It would be unfair to ignore the recent improvements in American coverage of China. Premier Li Keqiang’s announcement of reforms to promote sustainable growth was widely covered, as was a plan from Beijing to combat air pollution. Anti-China commentary has fallen somewhat out of style since the 2012 presidential race, but threatens to return in the future as other nominees look to identify with strongly pro-American ideas. Journalists may struggle to maintain their even tenor when opinions from Capitol Hill begin leaning anti-China once more.
There are incentives on both sides for change. For the Chinese government, censorship is a well that only goes so deep. Traditionally, Beijing has leaned on the Great Firewall, tight media control, and arrests to suppress popular expressions of discontent. Weibo bloggers suspected of “spreading rumors” will now face arrest and jail time, a law that can easily be manipulated to silence dissentors. While efforts by Beijing to prevent embarrassing news from making headlines are usually successful, Ling Gu’s Ferrari crash managed to reach the internet shortly after the beginning of the Bo Xilai scandal, demonstrating the Propaganda Bureau’s incomplete grasp on the flow of information. Weibo’s tenacious amateur detectives even helped push the Bo Xilai story to the breaking point by circumventing censors using code. On top of that, arrests of high-profile activists draw international attention to suppression of free speech in China. However tightly Beijing might clamp down on the flow of information, it is always only a matter of time until something important slips through the net. For China, the existence of an independent news industry might actually be able to provide many advantages, and censorship’s inevitable limitations make it a poor alternative to actively redressing the people’s grievances. A reform-minded leader might look at the opening of China’s presses as an opportunity for a Chinese Communist Party (CCP) government to show its commitment to curtailing corruption and providing greater opportunity for a rising China.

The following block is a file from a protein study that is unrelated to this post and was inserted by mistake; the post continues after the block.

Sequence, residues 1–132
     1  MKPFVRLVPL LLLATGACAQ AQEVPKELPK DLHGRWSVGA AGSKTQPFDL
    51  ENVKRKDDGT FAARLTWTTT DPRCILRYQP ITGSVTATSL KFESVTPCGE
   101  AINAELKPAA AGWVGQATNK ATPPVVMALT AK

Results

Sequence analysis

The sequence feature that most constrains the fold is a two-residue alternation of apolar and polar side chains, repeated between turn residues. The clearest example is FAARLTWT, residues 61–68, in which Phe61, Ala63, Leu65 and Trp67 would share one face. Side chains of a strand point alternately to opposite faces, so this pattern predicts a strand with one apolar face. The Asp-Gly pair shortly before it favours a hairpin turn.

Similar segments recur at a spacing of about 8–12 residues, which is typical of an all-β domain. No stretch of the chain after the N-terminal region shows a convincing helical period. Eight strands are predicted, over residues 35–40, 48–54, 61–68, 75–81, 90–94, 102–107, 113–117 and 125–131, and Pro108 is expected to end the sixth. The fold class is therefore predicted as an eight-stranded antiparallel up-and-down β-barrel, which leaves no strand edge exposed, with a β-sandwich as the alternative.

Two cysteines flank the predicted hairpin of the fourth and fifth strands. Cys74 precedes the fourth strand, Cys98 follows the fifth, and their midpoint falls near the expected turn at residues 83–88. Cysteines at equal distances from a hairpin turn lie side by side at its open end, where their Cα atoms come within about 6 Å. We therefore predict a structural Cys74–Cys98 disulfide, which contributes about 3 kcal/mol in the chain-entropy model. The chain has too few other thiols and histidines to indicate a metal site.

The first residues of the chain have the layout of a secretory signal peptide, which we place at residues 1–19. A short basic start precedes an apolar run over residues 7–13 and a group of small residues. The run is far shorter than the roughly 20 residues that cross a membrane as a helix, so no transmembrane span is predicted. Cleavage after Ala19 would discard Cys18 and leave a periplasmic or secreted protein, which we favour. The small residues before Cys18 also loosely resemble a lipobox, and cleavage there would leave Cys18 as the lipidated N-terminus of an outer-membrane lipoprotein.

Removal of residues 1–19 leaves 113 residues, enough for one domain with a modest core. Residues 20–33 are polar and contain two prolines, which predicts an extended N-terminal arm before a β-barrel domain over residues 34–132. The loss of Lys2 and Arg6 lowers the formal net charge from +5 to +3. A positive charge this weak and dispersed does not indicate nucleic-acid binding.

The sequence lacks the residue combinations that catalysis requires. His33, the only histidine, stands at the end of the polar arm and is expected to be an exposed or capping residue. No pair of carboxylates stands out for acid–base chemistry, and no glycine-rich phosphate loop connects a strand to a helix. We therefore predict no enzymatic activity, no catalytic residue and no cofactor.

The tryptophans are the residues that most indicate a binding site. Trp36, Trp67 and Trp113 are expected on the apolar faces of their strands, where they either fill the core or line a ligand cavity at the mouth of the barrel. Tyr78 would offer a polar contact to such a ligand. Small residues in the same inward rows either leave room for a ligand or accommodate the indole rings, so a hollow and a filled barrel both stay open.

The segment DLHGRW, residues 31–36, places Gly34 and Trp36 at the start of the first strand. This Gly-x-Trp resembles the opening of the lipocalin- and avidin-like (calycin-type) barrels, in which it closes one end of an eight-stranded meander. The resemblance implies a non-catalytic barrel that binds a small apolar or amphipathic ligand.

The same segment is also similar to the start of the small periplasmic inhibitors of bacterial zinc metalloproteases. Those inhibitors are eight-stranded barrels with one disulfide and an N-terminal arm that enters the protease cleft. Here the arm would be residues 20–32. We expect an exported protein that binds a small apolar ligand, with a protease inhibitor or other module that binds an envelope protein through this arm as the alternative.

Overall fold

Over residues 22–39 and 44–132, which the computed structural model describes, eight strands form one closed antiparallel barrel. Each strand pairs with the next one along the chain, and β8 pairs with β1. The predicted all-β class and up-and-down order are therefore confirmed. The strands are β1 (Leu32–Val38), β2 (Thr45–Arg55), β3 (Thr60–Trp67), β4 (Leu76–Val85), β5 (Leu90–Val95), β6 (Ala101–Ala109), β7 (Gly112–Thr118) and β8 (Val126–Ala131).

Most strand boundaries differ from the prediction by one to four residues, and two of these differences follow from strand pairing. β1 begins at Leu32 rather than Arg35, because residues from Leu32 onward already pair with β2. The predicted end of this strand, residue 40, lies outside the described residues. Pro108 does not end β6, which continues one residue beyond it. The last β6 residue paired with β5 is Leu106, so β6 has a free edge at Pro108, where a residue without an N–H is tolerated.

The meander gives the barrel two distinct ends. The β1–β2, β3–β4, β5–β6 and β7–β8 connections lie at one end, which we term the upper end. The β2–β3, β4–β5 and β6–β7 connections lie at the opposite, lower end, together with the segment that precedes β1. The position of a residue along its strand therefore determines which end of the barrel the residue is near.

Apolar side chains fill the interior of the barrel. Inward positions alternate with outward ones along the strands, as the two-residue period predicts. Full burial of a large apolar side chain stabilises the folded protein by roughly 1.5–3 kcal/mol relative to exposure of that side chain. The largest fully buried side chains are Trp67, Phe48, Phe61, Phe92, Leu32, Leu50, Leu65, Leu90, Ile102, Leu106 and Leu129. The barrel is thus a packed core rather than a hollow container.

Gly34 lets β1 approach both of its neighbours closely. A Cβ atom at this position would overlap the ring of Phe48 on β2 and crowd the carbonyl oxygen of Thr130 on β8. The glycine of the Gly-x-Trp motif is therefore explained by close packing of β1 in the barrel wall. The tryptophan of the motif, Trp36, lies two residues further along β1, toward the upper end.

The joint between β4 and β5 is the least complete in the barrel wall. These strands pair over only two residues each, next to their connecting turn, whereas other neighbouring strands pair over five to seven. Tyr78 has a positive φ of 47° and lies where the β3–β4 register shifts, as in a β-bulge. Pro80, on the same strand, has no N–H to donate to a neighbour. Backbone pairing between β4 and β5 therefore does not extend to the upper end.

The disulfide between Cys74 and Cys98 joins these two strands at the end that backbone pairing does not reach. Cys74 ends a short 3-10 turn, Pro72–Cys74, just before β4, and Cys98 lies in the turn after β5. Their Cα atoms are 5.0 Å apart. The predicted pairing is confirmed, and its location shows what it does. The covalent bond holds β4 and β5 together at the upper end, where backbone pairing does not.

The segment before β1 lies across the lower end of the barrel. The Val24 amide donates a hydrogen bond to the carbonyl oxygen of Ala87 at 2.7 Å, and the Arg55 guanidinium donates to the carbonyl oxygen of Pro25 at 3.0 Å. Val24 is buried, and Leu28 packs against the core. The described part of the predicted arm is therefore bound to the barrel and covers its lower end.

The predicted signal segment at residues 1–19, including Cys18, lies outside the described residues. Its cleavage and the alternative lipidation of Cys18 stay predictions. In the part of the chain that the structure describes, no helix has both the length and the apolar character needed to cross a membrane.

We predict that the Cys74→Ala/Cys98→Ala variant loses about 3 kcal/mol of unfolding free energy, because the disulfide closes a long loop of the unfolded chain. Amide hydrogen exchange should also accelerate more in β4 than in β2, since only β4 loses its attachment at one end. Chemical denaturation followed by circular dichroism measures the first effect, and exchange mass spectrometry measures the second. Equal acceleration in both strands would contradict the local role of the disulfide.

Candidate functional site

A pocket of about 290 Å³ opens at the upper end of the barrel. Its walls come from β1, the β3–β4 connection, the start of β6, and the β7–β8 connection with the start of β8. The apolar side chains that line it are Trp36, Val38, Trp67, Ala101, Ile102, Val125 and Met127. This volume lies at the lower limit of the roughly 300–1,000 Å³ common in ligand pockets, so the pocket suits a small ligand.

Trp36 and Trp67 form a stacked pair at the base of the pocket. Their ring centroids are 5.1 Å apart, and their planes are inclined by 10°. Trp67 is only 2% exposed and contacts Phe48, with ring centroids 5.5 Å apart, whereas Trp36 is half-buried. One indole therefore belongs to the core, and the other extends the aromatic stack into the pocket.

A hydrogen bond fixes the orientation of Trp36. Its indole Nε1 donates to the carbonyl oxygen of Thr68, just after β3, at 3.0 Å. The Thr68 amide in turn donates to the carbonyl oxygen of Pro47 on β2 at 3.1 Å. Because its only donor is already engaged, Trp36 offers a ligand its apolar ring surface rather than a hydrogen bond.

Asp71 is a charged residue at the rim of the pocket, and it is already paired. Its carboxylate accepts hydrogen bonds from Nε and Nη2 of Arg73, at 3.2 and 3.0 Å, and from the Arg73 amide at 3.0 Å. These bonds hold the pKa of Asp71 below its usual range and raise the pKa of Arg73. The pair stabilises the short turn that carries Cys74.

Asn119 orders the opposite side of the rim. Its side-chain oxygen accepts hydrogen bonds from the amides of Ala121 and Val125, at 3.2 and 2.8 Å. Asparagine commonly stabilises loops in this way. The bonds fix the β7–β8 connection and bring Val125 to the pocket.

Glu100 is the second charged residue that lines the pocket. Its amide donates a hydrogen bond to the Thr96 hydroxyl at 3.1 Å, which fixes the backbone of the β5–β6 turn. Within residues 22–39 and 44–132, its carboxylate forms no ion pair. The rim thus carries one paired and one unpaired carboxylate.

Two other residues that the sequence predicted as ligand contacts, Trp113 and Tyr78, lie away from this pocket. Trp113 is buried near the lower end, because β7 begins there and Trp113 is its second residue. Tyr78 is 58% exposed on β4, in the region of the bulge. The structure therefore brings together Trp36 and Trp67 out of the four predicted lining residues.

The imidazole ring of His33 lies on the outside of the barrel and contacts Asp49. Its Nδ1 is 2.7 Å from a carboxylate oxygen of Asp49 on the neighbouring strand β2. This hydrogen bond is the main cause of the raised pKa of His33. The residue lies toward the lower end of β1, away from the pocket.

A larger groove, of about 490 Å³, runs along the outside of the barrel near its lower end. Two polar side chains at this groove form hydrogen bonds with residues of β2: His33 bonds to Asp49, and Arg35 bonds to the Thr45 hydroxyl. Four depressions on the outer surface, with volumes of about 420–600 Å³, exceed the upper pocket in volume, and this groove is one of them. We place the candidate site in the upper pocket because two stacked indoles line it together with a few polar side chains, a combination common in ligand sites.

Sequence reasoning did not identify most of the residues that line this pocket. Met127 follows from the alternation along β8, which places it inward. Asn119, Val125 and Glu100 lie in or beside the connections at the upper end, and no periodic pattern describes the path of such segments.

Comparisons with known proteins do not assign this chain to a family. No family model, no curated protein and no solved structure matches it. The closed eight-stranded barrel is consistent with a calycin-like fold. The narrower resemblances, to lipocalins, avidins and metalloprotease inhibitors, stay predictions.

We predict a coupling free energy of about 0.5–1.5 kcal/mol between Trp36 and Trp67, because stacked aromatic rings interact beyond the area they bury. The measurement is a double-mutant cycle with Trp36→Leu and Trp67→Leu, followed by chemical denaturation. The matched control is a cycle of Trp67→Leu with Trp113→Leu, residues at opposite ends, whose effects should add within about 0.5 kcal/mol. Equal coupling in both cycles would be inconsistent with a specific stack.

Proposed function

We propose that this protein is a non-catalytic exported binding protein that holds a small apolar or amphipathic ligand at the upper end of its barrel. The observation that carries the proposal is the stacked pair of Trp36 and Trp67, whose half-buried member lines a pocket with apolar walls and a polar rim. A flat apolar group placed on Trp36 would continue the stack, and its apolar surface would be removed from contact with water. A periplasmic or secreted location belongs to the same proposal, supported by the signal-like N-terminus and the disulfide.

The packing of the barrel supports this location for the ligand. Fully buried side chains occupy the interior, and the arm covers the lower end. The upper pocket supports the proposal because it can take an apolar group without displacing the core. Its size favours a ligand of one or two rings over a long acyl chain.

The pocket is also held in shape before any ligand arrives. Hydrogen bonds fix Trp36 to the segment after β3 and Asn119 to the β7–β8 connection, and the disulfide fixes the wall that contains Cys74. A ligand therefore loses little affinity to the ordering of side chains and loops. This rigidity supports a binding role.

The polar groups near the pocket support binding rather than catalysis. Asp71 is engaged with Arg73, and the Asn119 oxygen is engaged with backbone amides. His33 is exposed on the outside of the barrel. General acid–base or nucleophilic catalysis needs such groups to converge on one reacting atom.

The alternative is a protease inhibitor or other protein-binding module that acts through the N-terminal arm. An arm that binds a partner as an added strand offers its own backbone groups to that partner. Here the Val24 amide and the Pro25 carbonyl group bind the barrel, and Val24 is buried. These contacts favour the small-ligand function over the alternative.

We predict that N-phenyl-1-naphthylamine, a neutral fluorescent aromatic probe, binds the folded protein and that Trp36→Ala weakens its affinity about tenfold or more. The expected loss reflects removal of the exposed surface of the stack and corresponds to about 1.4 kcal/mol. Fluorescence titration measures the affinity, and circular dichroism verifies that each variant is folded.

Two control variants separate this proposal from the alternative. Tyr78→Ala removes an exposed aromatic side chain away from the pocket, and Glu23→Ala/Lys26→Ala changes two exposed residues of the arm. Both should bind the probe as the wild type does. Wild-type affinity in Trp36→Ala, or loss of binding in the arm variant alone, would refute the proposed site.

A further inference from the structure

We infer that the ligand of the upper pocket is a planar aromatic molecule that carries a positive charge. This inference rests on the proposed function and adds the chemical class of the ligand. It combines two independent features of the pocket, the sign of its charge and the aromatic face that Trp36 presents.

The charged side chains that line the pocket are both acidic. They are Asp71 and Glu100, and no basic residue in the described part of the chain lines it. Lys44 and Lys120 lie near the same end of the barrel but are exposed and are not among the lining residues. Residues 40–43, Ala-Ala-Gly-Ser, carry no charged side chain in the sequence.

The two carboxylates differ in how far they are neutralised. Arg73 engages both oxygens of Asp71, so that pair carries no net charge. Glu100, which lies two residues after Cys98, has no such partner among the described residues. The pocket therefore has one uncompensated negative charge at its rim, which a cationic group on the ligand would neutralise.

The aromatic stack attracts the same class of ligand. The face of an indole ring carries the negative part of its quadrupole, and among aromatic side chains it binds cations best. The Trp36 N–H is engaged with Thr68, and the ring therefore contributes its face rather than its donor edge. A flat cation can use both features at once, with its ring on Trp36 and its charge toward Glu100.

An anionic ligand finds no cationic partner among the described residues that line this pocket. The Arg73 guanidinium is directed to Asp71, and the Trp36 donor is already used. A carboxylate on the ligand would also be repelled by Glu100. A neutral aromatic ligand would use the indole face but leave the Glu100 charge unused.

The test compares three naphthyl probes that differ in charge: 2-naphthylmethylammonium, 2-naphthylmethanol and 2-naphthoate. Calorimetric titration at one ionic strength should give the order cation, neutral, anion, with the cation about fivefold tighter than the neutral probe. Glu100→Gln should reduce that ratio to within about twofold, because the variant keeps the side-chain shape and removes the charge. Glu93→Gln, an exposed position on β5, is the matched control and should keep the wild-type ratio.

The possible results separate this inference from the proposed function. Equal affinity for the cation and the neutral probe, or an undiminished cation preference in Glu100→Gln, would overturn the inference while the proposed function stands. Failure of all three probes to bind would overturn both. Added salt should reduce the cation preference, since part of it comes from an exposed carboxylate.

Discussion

An independent news industry also has the potential to add legitimacy to government plans and programs. Currently, the legitimacy of state-owned news services, like Xinhua and the People’s Daily, is damaged by the lack of traditional, non-governmental political commentary, which has lead many Chinese to turn to their favorite Weibo blogger for opinions on current events and politics. Attempts by the CCP to forestall dissent with strict censorship can be easily undermined by ‘rumor mongering’ among curious netizens with nowhere else to turn for reliable news. Instead of pursing ever-tighter controls on a burgeoning number of internet users, Beijing could benefit from an honest media speaking to the very real virtues of many economic and public policy reforms that continue to help China grow.
Relaxing restrictions on the press would help the U.S. media cover China on a much more personal level. Allowing Americans to follow events in China more closely could have a greatly humanizing effect, an increasingly important aspect of U.S.-China relations as both countries grow more suspicious of one another. Making American news publications available to the Chinese people would also permit China to develop a sense of nationalism in the context of a growing international community, preparing the country to participate more actively on the world stage. If the Chinese intend to be citizens of the world, they will benefit from more open communication. To encourage cooperation in trade and international relations, The U.S. needs to embrace the growth of China as a nation. To realize this, American journalists must avoid framing the United States’ relationship with China in Cold War terms and provide even-handed news coverage that reflects curiosity and familiarity in lieu of suspicion and fear.
Ben Kienker is a recent graduate of Kennesaw State University with a B.A. in History. He is currently interning at The Carter Center under the China Program.